While inflation is hitting record levels in the country, the price of used cars just soared nearly 25% in the span of a year, an analysis by Statistics Canada confirms.
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“It’s historic. We have to go back to the 1940s, to the post-war period, to see rare and expensive second-hand cars”, observes the president of the Association for the Protection of Motorists (APA), George Iny.
“Those who have $10,000 to buy a used car will end up with lower quality vehicles. Unlike new ones, there is no retail price. Then the selling price will be more elastic”, he continues.
Last Wednesday, Statistics Canada revealed that the price of used vehicles increased by 24.5% in the space of one year, from March 2021 to March 2022.
In comparison, for the same period, new vehicles increased by 7%.
Impacts of the pandemic
Disruptions in the semiconductor chip supply chain and pandemic-related factory closures continue to affect new vehicle manufacturing, the agency said.
“This change in market dynamics has led to higher price increases for used vehicles than for new vehicles,” Statistics Canada says.
According to Germain Goyer, automotive content producer for the car Guide, Quebec cars are also sometimes shipped to our neighbors to the south.
- Listen to the Stréliski-Cyr meeting at the microphone of Geneviève Pettersen on QUB radio:
“New vehicles are rare, so people keep their used cars. Traders also find it more profitable to sell them sometimes in the United States,” she says.
“Even vehicles that are over 15 years old sell for a lot of money, like the Toyota Yaris or the Honda Civic,” he continues.
“I sold a base 2009 Hyundai Accent, glass in hand, with 125,000 miles on the odometer, for over $4,000 at auction. A year ago, it was worth $2,000 or $2,500,” shares Maxime Ménard, owner of Financez-vous.ca, in Beloeil.
“2008 Ford Escapes that cost $2,500 a year ago are selling for more than $4,500,” he adds.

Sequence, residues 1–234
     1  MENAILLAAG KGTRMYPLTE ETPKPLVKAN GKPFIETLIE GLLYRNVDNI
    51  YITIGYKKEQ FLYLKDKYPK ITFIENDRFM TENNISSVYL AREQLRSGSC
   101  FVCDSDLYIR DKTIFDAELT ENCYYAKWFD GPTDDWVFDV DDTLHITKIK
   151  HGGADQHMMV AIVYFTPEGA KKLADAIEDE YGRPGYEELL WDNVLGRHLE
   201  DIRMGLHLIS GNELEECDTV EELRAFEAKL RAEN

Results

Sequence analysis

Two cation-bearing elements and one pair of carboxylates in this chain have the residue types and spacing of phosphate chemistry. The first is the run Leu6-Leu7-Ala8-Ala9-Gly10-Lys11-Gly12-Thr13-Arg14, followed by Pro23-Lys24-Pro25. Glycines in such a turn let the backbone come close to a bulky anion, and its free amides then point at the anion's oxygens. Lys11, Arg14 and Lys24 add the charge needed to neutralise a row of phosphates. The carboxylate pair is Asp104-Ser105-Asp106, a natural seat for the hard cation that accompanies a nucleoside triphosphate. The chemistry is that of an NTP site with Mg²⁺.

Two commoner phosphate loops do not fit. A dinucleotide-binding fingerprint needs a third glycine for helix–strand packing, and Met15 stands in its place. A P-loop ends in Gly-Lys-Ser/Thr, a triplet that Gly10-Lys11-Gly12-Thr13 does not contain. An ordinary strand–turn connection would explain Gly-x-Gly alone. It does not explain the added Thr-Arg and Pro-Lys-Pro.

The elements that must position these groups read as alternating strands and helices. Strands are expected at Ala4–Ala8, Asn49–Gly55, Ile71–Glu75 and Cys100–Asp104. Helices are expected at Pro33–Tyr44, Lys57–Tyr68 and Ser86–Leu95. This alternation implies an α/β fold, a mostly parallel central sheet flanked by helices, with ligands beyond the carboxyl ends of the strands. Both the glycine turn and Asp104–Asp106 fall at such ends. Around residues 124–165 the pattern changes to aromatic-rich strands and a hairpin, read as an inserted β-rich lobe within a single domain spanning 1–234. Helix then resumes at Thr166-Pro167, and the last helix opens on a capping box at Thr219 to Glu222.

For Robert Poëti, executive director of the Quebec Automobile Dealers Corporation (CCAQ), people who have moved away from the city center during the pandemic need a car again to return to the office.
“There are people who need a second car more,” he says.
“A person who had a new vehicle for a year and a half is offered the same price or a little more. Positive equity, we have not seen it often, ”observes who does not remember such a market in his life.
hard to justify
At used car dealerships, it’s getting harder to explain to customers why prices have skyrocketed.
“It is really very expensive. We break vehicles between merchants. – Maxime Ménard, owner of Financez-vous.ca
“It’s getting hard to justify the price. Mechanics are more expensive due to shortages of labor, spare parts, transportation… so we make more profit on financing,” laments Maxime Ménard of Financez-vous.ca.
Yesterday, The newspaper He talked to several customers who were surprised to be offered so much money for their used car.
One of them, who had paid $4,600 for a car with 70,000 miles on the clock, had his “kitten” bought for $1,200 four years later, even though he had a venerable…110,000 miles.
–With the collaboration of Charles Mathieu
- Listen to journalist Sylvain Larocque’s economic column on QUB radio:
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